How to Choose Paper for Printing
You’ve developed the ideal design for that brochure, newsletter, postcard, or band reunion notice. Great. It’s now time to select a paper to round off the bundle. Paper selection is critical in printed products since it influences both the cost and the visual attractiveness of the piece.
When selecting a paper, you must define the paper weight, opacity, brightness, and finish.
Choose a Paper Weight
When it comes to paper weight, the thicker the paper, the heavier the weight (higher lbs). Thicker paper stock is more durable, less prone to wrinkling, and represents a higher level of quality. The most typical paper weight is 20 pounds, but marketing campaigns frequently employ paper weighing between 20 pounds to 32 pounds.
- 16-20 lb Bond Paper
Lightweight paper that is good for internal documents, copy paper or multi-page projects.
- 24 lb Bond Paper
The perfect paper weight for letterhead, reports, or other documents that must withstand handling.
- 32-36 lb Bond Paper
A more substantial and durable paper weight, great for résumés, legal documents or other high quality printed projects.
- 65 lb Cover Stock
Cover stock is a heavy, durable paper stock used for business cards, brochures, folders and project covers.
The paper opacity is used to describe the opaque or transparent qualities of a sheet of paper. Some papers, like translucent vellum, are intentionally transparent and can be layered on top of other papers. Opacity should be considered when understanding the degree to which graphics will show through to the reverse side of the paper.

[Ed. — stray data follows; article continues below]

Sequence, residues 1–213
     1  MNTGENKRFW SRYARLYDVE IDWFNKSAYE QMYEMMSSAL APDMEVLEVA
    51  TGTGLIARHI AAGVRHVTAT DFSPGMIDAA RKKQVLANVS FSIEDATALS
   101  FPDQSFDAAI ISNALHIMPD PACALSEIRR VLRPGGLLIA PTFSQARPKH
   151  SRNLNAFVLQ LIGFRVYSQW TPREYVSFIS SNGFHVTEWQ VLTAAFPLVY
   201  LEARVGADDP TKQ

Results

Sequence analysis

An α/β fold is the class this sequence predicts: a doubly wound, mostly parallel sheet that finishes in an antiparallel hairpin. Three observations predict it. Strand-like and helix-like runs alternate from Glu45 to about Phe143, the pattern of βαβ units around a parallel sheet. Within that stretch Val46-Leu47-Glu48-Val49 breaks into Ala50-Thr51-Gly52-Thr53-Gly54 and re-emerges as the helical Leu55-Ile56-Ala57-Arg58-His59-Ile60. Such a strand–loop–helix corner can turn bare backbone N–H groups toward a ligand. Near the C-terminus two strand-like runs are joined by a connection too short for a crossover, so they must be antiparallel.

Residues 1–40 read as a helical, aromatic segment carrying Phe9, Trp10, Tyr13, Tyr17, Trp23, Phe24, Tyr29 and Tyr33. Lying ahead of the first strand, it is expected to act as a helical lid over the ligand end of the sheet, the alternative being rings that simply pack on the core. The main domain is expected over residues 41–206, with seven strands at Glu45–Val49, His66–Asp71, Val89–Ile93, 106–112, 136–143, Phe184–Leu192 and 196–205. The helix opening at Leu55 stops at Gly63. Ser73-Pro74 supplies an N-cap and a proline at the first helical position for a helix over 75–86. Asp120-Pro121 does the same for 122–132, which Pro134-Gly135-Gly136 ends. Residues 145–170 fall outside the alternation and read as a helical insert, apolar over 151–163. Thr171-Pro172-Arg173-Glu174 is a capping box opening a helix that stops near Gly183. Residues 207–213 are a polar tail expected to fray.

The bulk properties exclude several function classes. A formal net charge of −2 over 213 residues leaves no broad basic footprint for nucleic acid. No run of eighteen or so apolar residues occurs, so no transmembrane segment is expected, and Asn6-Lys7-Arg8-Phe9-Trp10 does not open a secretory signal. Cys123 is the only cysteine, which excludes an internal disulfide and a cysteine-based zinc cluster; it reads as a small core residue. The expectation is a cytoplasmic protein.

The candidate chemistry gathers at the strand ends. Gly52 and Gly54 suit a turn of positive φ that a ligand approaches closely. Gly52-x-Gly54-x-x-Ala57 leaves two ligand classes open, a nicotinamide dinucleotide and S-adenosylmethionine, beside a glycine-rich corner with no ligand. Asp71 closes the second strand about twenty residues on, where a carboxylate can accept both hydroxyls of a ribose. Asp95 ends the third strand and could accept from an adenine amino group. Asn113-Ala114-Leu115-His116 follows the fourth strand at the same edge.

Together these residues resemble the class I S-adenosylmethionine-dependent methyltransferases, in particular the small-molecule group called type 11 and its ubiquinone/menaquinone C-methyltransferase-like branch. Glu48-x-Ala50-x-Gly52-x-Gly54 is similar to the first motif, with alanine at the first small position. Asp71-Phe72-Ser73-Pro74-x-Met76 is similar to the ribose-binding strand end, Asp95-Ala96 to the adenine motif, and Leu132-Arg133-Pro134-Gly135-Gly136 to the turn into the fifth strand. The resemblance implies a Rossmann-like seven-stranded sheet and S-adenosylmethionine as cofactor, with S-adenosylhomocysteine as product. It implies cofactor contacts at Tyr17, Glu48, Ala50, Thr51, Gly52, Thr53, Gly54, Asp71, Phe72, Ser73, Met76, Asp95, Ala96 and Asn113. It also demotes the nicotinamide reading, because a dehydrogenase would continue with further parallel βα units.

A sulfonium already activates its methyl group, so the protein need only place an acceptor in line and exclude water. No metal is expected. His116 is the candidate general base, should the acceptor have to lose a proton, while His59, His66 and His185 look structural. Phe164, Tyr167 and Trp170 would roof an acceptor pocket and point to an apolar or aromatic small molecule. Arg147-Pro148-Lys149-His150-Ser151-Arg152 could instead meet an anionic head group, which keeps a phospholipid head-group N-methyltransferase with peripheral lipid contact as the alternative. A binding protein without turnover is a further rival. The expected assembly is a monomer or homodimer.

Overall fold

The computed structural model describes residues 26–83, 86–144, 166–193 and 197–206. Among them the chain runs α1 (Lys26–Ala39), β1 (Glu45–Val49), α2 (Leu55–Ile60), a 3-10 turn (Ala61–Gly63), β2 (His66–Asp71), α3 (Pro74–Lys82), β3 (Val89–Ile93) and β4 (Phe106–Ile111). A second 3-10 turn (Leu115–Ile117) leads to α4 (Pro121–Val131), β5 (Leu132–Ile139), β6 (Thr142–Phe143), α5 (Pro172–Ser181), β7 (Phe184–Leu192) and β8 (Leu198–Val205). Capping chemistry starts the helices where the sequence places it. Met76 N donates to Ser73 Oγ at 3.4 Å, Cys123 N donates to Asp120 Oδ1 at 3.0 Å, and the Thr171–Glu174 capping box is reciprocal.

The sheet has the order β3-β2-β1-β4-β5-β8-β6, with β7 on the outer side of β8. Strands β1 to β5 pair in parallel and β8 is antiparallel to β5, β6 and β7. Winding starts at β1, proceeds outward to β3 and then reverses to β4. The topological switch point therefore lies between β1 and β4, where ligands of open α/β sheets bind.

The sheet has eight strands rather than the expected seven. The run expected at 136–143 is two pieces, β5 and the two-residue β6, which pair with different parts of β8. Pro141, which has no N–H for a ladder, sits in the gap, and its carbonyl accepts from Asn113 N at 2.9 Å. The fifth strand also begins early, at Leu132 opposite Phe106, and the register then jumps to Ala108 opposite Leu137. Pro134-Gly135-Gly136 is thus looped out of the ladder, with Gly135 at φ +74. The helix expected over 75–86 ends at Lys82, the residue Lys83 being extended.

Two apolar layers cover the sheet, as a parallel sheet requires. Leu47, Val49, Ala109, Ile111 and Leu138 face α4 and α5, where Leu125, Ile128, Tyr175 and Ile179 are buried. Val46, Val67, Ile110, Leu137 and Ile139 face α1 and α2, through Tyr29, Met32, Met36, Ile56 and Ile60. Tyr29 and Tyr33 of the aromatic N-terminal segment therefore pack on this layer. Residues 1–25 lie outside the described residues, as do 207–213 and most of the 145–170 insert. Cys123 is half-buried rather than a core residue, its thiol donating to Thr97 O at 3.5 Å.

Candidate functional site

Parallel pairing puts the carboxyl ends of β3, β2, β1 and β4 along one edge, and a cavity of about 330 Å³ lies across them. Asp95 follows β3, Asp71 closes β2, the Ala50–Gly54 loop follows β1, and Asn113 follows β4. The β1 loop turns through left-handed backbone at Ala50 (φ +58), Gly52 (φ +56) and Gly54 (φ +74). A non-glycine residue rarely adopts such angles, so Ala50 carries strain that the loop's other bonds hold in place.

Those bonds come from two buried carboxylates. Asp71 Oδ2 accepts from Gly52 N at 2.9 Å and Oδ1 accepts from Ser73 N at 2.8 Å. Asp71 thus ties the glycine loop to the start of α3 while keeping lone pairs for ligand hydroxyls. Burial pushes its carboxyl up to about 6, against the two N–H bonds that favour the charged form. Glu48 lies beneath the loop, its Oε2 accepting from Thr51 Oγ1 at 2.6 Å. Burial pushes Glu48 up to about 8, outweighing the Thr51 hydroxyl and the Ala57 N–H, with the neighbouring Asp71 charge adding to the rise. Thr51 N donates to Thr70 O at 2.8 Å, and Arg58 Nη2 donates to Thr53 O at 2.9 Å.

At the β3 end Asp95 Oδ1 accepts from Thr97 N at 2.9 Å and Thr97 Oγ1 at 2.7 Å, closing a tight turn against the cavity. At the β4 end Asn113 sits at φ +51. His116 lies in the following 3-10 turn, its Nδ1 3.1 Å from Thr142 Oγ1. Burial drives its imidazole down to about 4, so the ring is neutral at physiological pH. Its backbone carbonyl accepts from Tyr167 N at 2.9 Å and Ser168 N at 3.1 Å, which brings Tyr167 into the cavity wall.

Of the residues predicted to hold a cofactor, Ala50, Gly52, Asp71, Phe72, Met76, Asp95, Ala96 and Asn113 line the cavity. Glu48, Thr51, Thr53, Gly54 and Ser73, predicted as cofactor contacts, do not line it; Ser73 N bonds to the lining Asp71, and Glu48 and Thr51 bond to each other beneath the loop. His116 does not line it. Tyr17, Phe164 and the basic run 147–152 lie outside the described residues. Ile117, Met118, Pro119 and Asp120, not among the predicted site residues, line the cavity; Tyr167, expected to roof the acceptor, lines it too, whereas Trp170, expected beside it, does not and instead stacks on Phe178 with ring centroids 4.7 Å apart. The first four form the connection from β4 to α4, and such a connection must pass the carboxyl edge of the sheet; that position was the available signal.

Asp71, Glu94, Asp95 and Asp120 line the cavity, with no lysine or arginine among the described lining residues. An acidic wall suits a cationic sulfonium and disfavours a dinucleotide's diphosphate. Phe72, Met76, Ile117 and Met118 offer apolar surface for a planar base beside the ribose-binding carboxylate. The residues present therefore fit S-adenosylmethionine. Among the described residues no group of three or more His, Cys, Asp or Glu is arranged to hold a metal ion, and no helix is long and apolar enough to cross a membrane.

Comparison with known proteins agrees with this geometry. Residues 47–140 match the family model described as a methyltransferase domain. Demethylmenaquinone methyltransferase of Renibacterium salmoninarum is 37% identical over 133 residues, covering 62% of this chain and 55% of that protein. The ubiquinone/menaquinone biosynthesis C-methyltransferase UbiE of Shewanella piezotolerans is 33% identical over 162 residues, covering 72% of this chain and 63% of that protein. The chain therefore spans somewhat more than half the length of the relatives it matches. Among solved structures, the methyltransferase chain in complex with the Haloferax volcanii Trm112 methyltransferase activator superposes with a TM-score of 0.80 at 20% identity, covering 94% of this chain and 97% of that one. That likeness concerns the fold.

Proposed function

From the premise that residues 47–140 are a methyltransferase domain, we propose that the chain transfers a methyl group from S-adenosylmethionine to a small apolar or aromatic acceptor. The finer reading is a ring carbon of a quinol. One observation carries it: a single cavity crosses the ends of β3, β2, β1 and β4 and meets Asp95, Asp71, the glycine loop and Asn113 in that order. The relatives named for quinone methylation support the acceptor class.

The appearance of a printed object can be affected by the paper shade it is printed on. A white paper shade can range from a cream color to a hint of blue, with the blue shade often appearing to be the brightest color white. The brightness is a measure of the reflectance of blue light wavelengths on a scale from 0-100.
Types of Paper Finishes
Here’s a quick rundown of common paper finishes:
- A smooth finish results from paper passing through sets of rollers during the papermaking process.
- Bond paper is a relatively high-grade paper stock with a rag content ranging from 25 percent to 100 percent.
- Vellum has a subtle roughness.
- An embossed finish provides a molded appearance on the paper’s surface.
- A linen finish resembles linen cloth.
- Cockle is a texture similar to homemade paper.
- Metallic paper is coated with a thin film containing metal or plastic whose color and gloss simulate metal.
- Coated paper has a coating applied to give the sheet a better appearance.
- Cast coated paper results in an exceptionally glossy coated finish, usually only on one side.
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